## Simulation Mechanical and Multiphysics

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# Extracting Forces and Moments

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If I have a model of brick elements, how can I extract the forces and moments for a cross section? I want to do this to go through calculations for welds.

Thanks

# Re: Extracting Forces and Moments

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Hi Robert,

If the welds are at boundary conditions, then it is easy to get the reaction forces from "Results Contours > Other Results > Reactions > Reaction Force (Negative)".

If the welds are at locations between parts, it is a little trickier. BEFORE running the analysis, you need to go to the "Solution" tab under "Setup > Model Setup > Parameters", then click the "Settings" button under Engineering Calculations. Set the "Reaction Method" by clicking the cell to set it to "Ignore" for one of the parts involved in the joint. (Because the reaction forces are equal and opposite, the net result is 0 when the calculations are done on all parts. By ignoring one of the parts, you will see the reaction forces on the mating part.)

Brick elements do not calculate moments. So you will need to calculate the sum of Reaction Force times distance from neutral axis. Depending on how many nodes are involved, you may want to "Results Inquire > Inquire > Current Results" and save them to a CSV file, and then use a spreadsheet to perform the calculation.

Mechanical Engineer

Pittsburgh, PA

16 years experience with Simulation Mechanical

# Re: Extracting Forces and Moments

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Normally the welds are located between parts. Can you explain in more depth the process of getting the reaction forces? I changed one of the parts in the file to Ignore. When I select all the nodes on a face and click "Current Results" I only see the magnitude or the force in a specific direction. Is there a way that I can get the forces in all directions into one file, as well as their locations.

Thanks

# Re: Extracting Forces and Moments

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"Results Contours > Other Results > Reactions > Reaction Force (Negative) > Vector Plot" will give all three components of the force. Then when you "Inquire Results > Inquire > Current Results" and click the "Save Values" button on the dialog, it will output all three components and the coordinates of each node.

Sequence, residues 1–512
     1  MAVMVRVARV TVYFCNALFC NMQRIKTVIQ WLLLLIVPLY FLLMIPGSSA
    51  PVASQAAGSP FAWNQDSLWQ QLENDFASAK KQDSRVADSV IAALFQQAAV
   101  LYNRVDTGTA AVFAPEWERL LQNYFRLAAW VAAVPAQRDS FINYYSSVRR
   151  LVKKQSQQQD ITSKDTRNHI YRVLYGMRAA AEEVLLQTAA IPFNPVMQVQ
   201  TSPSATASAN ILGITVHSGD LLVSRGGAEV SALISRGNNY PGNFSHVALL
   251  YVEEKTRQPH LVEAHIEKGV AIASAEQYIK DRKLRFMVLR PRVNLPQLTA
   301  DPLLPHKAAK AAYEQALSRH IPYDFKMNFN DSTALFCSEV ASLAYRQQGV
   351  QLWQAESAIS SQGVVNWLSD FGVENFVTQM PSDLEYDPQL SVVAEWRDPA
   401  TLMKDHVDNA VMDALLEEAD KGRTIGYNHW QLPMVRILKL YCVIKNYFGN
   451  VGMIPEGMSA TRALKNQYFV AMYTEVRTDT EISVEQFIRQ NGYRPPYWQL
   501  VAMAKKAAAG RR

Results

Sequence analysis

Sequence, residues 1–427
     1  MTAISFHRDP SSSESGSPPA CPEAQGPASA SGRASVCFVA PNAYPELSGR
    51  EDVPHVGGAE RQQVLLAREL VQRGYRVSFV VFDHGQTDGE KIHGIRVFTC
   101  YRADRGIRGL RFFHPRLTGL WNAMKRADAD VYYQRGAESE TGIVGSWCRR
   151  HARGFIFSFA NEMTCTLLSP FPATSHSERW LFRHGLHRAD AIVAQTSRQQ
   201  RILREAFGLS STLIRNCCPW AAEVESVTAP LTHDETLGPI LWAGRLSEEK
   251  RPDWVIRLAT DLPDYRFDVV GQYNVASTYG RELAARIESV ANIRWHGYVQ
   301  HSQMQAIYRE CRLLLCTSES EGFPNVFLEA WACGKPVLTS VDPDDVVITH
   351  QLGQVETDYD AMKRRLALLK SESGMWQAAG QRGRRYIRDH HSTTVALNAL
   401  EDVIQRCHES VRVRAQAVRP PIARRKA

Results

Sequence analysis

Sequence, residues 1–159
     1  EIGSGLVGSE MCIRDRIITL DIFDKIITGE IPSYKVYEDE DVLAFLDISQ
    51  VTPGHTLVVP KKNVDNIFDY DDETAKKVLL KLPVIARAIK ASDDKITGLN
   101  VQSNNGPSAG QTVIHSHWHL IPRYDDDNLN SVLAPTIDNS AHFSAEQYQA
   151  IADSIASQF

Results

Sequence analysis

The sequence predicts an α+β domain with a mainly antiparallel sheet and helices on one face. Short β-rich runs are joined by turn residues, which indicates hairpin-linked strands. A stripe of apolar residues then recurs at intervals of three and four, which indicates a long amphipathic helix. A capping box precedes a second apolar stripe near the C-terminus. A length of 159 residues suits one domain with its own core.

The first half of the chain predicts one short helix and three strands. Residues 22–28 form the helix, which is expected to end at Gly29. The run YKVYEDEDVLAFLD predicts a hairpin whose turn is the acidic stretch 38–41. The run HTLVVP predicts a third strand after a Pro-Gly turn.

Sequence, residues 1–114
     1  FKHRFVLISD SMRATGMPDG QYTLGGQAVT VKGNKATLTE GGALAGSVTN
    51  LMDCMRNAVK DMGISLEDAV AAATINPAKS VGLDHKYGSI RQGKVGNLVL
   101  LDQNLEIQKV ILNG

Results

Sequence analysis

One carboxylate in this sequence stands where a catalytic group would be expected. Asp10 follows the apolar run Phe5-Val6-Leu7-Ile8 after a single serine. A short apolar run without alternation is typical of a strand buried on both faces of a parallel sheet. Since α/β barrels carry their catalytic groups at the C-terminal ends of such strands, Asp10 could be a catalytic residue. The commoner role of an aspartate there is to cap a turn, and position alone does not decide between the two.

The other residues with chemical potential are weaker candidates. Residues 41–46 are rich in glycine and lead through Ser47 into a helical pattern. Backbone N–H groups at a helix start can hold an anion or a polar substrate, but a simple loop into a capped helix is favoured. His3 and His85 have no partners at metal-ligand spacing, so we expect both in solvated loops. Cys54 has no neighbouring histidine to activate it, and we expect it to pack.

**Does the following make sense to everyone? Or is my logic all wrong?**

However, you probably do not need to output the values, at least not to calculate the moment. The thought that occurred to me (while in the shower!) is that the engineering formulas you are presumably using to calculate the weld size based on the moment is just a formula to convert the hand-calculated moment into an axial force or stress. Since you already have the total axial force due to the axial loads and moments, you should be able to use the reaction result calculated by the software -- at least if your constraints/bonding represent the real welds. It is analogous to looking at the stress tensor for a "beam" modeled with brick elements. Those results are due to the axial stress and the bending stress that would be hand-calculated in a beam free-body-diagram.

Which leads to another possible way to calculate the moment should you want to. The fiber stress along the length of the "beam" equals "axial stress" + "bending stress" on the top side, and "axial stress" - "bending stress" on the bottom side. From looking at the stress tensor results on the top and bottom, you can calculate the equivalent axial and bending stresses.

Mechanical Engineer

Pittsburgh, PA

16 years experience with Simulation Mechanical

# Re: Extracting Forces and Moments

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As a side note concerning extraction of nodal forces and creating free body diagrams, sometimes I have had to split the part up into convenient pieces just to get useful nodal forces from the reactions.

I turned in a product improvement suggestion to present nodal forces for visible elements only. Mathmatically this should be very easy to do, but software code for the interface might be significant work. Autodesk contacted me and wondered why I would want this capability and I explained how usefull it is for hand calculations and sanity checks.

I don't expect Autodesk will do anything, at least for awhile, but I know it would be a very benificial feature for many.

# Re: Extracting Forces and Moments

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In a previous reply, I wrote

*The fiber stress along the length of the "beam" equals "axial stress" + "bending stress" on the top side, and "axial stress" - "bending stress" on the bottom side. From looking at the stress tensor results on the top and bottom, you can calculate the equivalent axial and bending stresses.*

Because this question has been asked in a different thread, and is likely to be asked in the future, I decided to do a test model to see if the method would "work" in practice. As always in FEA, the answer is not a clear, black and white "yes" or "no". See the attached files.

Mechanical Engineer

Pittsburgh, PA

16 years experience with Simulation Mechanical